3Dmark03 also includes sound and CPU tests as well as some other feature tests.

- Game Test 1 - Wings of Fury (DX7)

This test is a combat flight simulator written for older hardware (DirectX 7). Particles are used a lot in this test - smoke and vapor trails, flak and gunfire, and explosions are produced using point sprites and quads.

- Game Test 2 - Battle of Proxycon (DX8)

This test is a simulation of first person shooter game types. 1.1 and 1.4 Vertex shaders are widely used since all character models are skinned using vertex shaders.This makes this test a good vertex shader comparison for VGA cards.

- Game Test 3 - Trolls' Lair (DX8)

This test should be the favorite of all RPG lovers. It is a cut scene of a female warrior facing two malicious trolls. Again the same vertex and pixel processing is used as in game test 2.

This test also uses post-processing effects, such as Depth of Field and Bloom effects which are widely used in today's game cut scene sequences.

- Game Test 4 - Mother Nature (DX9)

Mother nature represents the level of effects and realism that are possible using 2.0 vertex and pixel shaders, plus some other features that DirectX 9 offers.

In the 3DMark03, performance is slightly better and this time the framerates are above 1fps. Still, only in the first game test which uses DirectX 7 code, were we able to understand what was going on throughout the test.

- 3DMark Official score

If you test your machine with 3DMark, you can post the results at 3DMark's online result browser. For more information visit futuremark.com.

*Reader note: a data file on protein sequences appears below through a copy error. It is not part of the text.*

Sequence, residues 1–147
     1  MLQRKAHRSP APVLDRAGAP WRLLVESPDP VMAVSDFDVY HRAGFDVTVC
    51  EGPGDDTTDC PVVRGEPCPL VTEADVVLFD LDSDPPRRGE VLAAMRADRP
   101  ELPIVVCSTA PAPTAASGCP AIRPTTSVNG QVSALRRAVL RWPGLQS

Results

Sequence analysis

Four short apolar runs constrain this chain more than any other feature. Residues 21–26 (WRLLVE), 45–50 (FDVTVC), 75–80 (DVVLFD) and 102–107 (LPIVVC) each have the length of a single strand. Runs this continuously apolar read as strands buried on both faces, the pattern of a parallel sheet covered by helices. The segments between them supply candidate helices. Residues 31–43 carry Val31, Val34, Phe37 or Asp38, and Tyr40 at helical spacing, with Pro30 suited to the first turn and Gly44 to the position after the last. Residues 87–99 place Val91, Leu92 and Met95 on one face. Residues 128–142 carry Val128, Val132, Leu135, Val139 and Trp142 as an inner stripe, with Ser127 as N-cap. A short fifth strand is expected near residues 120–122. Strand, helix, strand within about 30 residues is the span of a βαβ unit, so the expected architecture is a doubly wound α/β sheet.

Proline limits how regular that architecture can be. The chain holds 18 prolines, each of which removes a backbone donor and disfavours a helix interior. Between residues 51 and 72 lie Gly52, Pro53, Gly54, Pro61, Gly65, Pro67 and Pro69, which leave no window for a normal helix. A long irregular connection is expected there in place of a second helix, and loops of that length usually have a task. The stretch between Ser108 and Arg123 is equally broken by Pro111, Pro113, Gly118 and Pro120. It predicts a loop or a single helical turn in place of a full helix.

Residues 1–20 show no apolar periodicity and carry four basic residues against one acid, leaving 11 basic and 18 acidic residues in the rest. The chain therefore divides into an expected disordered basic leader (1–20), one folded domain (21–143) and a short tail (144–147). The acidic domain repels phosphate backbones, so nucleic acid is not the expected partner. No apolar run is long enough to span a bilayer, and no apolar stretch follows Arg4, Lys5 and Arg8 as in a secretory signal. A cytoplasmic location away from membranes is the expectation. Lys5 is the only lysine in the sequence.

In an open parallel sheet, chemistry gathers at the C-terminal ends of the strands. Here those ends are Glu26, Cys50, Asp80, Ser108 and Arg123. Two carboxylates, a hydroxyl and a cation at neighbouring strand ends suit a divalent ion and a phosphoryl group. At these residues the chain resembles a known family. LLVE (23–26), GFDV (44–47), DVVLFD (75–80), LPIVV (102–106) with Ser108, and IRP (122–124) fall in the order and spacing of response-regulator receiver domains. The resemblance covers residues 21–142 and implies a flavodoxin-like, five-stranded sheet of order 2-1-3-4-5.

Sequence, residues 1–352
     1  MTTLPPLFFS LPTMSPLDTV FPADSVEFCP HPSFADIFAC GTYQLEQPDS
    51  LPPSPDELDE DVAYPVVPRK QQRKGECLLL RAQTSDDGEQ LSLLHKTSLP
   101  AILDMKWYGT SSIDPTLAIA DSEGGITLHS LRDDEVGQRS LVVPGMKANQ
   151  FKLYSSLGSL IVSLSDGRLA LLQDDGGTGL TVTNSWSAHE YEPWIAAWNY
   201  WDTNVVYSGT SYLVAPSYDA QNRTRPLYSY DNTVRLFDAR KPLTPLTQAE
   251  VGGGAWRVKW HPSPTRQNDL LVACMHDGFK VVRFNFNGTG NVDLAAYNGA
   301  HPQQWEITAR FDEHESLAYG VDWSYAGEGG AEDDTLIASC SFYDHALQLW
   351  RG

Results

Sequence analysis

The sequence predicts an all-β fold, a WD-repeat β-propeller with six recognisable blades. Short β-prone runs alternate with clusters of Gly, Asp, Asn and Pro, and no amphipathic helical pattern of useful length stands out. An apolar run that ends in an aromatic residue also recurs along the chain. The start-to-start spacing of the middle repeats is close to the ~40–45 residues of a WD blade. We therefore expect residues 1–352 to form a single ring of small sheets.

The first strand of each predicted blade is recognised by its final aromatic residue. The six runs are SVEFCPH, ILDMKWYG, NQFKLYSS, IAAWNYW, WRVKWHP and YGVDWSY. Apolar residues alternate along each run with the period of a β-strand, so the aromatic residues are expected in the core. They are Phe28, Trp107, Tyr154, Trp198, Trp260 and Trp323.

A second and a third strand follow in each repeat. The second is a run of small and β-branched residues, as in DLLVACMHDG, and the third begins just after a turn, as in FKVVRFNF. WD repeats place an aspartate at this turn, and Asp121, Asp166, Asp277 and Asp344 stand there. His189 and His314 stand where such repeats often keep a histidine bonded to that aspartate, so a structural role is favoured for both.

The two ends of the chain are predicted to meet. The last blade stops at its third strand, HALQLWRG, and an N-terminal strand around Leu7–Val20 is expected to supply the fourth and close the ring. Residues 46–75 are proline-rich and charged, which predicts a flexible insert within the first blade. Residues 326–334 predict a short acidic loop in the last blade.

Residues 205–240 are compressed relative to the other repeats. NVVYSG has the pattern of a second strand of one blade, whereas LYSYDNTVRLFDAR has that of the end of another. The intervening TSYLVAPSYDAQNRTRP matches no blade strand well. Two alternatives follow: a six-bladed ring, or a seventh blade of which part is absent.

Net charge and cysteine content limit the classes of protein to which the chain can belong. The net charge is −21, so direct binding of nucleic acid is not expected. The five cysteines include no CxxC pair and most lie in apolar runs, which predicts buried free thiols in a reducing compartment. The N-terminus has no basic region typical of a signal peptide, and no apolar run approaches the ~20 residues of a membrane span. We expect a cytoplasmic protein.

The Volari V3XT managed to yield another low score compared with the other cards. With just 527 3DMarks, both the X300 and X600XT outperform it by 5 and 9 times respectively.

7. Aquamark3 / 3DMark 2001

Since the majority of today's applications and games are compatible with DirectX 9, the need for benchmark applications that use DX 9 has been brought up. The benchmark uses the 3D engine (Krass engine) of the Aquanox game.

Aquamark Triscore

The Aquamark Triscore comprises 3 values: the overall system performance, the performance of the graphics system and the CPU performance. Keep in mind that this is not the total result of the tests, but the result of the whole benchmark process including all 9 chapters.

3DMark 2001

3DMark 2001 is the predecessor to 3DMark03. It's mainly a directx8.1 benchmark and the score depends a lot on the CPU power of your computer. However for reference use only we decided it'd be best to just leave it in our benchmark list so you can compare the next generation cards with the possibly outdated you have at home.

By now we hope we made our point clear. The Volari V3XT unfortunately delivers performance from the past and is not to be used for 3D games.

8. Conclusion

Sincerely, the V3XT is not to be used for 3D games. It is still suitable for playing DirectX 7 and maybe a few DX8 games but the framerates are just too low to enjoy playing. However, all is not lost for the Volari V3XT. Even if it's not manufactured by either Nvidia or ATi, as is the case with most of the cards we're used to, XGI still holds an ace up its sleeve. The card's automatic color adjustment for Video playback seems to work well, creating an excellent Video playback experience. The colours are more vivid and bright and along with the passive cooling on the card, the V3XT is a good choice for Home Theater computers.

The Club3D Volari V3XT costs around €50 as do most entry level cards. We can't say that the card is excellent value for money but on the other hand, no likewise priced card ever is. Still, as it doesn't get any cheaper, the Club3D Volari V3XT could be a good choice for box PC systems tailored towards the Home Entertainment market.

The bundle with the card doesn't include any games but only a CD-ROM with the XGI Reactor drivers, XGI's Undersea Lab and XGI's User Guide for the card.

- Silent operation
- Good video image quality

- Unsuitable for games

Value for money: